But since then we have figured out they're more like helicopter blades - to be precise, reverse-pitch semi rotary helicopter blades, or a moving airfoil, whether it's a helicopter blade or a bee wing generates a lot more lift than a stationary one.
The question with bees is not so much the aerodynamics, but rather the mechanics:

They have to move their wings 200 beats per second to generate lift, which 10 to 20 times the firing rate of their nervous system.

The trick is that the bee's wing muscles don't expand and contract so much as vibrate.

The nerve impulse twangs the muscle, like a piano chord, and vibrates the wing up and down a few times until the next belt of impulse.

However, I have always preferred simply to believe that bees can fly because no-one ever had the heart to tell them they could not.
Each and every one bumbling around my garden is a perfect Terry Prattchet moment, ridiculous, comical but surprising, sublime and very very welcome.

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  1. Lovely site,Simon. Thank you for sharing your adventures in Connemara and your knowledge. I love the photos.

  2. Thanks to Denis Walsh.
    St. Gobnait is the patroness of bees,
    beekeeping and of healing ��

    Her feast day is February 11th, a general holiday in Ballyvourney. On Whitsunday (Cingcís) pattern day large crowds throng the village and perform rounds at the Blessed Well and the grave of the Saint. This parish of Clondrohid sends many pilgrims on that day, and even on the following Sunday, to perform rounds and to ask the help of Saint Gobnait.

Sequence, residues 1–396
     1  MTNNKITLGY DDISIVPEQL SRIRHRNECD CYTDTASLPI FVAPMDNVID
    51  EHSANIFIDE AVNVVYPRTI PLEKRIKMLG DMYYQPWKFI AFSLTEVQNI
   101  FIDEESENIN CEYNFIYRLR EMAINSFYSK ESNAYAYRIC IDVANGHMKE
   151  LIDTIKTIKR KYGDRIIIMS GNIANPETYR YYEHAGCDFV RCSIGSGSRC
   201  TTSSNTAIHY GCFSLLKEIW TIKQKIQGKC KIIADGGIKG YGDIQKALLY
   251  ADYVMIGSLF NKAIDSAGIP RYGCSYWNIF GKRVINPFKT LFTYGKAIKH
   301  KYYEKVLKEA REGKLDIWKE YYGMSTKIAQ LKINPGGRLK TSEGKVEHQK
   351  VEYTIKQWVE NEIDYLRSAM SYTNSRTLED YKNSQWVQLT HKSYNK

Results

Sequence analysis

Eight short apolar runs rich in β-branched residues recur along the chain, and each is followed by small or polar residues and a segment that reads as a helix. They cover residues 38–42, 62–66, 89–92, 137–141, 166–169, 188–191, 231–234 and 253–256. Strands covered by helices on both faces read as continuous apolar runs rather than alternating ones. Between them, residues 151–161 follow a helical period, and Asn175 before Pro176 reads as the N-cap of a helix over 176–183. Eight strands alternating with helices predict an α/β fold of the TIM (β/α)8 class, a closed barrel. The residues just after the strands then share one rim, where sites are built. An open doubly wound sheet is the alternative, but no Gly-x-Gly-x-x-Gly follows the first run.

Anyone who ever saw a trout in St. Gobnait's Well was cured of complaints, and people often did especially children.

    Gobnait was born in County Clare in the fifth or sixth Century, and is said to have been the sister of Saint Abban. She fled a family feud, taking refuge in Inisheer in the Aran Islands.Here an angel appeared and told her that this was "not the place of her resurrection" and that she should look for a place where she would find nine white deer grazing. The angel told her “it is there you shall find your place of resurrection”.
    So Gobnait wandered about the southern coastal counties of Ireland – Waterford, Cork and Kerry searching.

    She saw three white deer in Clondrohid and followed them to Ballymakeera where she saw six more. But it wasn’t until she came to Ballyvourney to a small rise overlooking the River Sullane that she saw the nine white deer all together grazing … just as the angel from Inis Oírr had prophesied. She crossed the river and settled there. She founded a religious community for women.

    Celtic lore held bees in high esteem believing the soul left the body as a bee or a butterfly. Gobnait is said to have added beekeeping to her life's work, developing a lifelong affinity with them. She started a religious order and dedicated her days to helping the sick. It has been speculated that she used honey as a healing aid. She is also credited with saving the people at Ballyvourney from the plague. ��


Thanks for commenting - its cool that you took the time